The Dark Side of Globalization

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Globalization has brought many benefits, including the reduction of poverty in several countries. But it also has a dark side: the unleashing of negative forces as a result of the compression of time and space made possible by modern technology. From arms trafficking in West Africa through armed insurgencies in South Asia and the upsurge of jihad in the age of globalization, this book examines the challenges that the dark forces of globalization pose to the international system and the responses they have triggered. Written largely by authors from developing countries, the book's goal is to help maximize the beneficial consequences of globalization while muting its baleful effects.



Civil society and trade protests in the Americas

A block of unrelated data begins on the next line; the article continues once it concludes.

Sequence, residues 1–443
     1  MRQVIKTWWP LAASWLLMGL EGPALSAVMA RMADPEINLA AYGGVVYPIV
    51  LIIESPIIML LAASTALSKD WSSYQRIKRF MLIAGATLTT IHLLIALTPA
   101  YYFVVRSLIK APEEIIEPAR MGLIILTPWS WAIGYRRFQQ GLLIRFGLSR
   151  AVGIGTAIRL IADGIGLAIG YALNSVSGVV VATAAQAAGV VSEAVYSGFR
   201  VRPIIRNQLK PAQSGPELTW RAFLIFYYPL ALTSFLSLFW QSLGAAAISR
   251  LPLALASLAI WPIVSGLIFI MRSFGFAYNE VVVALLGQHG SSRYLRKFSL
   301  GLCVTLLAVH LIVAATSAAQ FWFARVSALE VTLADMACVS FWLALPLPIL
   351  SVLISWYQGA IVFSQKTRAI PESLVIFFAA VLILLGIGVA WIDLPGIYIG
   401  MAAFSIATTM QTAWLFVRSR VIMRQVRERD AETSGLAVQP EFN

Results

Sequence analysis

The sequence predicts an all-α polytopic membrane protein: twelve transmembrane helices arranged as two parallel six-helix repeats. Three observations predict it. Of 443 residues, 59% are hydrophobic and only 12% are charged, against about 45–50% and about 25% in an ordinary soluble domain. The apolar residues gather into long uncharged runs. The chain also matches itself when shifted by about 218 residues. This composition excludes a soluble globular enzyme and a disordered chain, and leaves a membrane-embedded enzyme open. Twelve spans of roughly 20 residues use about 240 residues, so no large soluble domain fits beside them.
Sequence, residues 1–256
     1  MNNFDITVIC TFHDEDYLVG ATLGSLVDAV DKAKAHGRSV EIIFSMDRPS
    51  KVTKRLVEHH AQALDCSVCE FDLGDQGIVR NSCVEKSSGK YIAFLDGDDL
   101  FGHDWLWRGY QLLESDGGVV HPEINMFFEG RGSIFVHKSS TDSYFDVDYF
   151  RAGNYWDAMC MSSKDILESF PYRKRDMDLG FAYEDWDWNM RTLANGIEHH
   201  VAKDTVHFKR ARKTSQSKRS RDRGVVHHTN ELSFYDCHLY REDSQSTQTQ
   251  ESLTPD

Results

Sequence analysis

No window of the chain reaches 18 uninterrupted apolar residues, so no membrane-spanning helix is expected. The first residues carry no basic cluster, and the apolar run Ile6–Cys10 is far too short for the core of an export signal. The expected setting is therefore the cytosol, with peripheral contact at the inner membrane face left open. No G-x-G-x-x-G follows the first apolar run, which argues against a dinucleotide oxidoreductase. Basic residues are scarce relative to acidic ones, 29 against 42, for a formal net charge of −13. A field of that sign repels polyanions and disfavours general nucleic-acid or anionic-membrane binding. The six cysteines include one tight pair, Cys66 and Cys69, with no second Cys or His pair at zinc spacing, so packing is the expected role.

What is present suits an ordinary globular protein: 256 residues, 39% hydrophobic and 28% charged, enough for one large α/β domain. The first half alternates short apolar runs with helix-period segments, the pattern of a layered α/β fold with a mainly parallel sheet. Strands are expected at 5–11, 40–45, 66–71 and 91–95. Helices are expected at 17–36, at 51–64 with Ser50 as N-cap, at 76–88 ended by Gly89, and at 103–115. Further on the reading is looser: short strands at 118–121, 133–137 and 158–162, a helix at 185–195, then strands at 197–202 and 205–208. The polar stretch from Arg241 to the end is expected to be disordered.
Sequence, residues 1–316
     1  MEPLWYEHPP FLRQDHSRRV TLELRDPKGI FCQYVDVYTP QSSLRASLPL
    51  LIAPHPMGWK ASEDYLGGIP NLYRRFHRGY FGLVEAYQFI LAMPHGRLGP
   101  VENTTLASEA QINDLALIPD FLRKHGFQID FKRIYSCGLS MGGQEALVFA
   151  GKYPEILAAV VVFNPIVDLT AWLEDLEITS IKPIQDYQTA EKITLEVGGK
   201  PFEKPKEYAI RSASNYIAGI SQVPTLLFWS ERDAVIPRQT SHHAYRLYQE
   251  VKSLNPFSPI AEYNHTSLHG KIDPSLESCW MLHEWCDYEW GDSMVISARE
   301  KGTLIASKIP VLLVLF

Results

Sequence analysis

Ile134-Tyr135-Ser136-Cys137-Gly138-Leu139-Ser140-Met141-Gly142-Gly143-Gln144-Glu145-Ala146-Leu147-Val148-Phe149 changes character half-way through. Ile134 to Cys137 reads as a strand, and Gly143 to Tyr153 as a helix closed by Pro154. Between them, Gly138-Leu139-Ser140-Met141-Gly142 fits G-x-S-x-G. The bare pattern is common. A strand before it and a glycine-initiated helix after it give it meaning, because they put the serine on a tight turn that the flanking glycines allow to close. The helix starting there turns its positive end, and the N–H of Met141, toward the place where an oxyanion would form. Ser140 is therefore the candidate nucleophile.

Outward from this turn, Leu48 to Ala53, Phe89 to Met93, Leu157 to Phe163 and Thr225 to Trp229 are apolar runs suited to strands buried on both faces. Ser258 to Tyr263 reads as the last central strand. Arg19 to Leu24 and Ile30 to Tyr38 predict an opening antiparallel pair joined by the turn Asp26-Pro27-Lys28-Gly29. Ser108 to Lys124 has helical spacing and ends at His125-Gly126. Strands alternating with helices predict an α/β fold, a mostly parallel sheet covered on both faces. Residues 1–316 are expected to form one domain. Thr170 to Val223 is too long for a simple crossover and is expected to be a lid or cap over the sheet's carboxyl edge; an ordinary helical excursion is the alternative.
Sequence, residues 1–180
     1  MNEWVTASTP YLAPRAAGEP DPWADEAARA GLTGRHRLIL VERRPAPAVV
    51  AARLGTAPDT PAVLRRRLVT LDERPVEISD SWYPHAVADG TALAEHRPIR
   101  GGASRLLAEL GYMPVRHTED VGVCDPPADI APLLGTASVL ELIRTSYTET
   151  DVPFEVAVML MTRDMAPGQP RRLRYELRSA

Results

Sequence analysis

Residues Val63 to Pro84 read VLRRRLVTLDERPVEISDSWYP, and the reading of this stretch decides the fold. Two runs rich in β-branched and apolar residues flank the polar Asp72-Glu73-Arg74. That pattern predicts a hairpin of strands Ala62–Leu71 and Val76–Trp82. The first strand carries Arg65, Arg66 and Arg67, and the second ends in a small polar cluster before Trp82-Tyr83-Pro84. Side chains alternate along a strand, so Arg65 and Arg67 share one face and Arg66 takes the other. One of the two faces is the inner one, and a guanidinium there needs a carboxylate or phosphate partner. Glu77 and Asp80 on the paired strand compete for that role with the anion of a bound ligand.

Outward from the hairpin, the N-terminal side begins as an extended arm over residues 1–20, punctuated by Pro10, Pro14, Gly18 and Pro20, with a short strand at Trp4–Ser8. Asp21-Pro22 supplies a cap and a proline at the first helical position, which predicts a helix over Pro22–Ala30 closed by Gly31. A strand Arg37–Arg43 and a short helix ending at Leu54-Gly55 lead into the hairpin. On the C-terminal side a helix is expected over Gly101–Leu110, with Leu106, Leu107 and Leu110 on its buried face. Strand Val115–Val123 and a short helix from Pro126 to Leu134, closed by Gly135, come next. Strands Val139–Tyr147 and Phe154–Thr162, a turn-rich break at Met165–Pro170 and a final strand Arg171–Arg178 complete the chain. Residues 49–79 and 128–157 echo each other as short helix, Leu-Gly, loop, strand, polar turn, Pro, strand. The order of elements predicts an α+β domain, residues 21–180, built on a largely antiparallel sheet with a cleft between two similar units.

Civil society organizations (CSOs) are political actors independent of political parties and the state, that seek to shape the rules (formal and informal) that govern social life. When CSOs enter the international realm, they do so in different ways. While some focus on protesting in the streets, others struggle to come up with alternative proposals and ideas to influence the outcome of decision-making processes, and still others engage in both direct action and the generation of alternatives. These strategies may be targeted at various actors at different levels: at allies beyond national boundaries through campaigns and the creation of coalitions, or by lobbying domestic institutions. They may focus on influencing states’ behaviour, or alternately seek to influence public opinion, international organization officials or other civil society actors. Thus the CSOs studied here are not inherently benign or malicious forces in the international arena.


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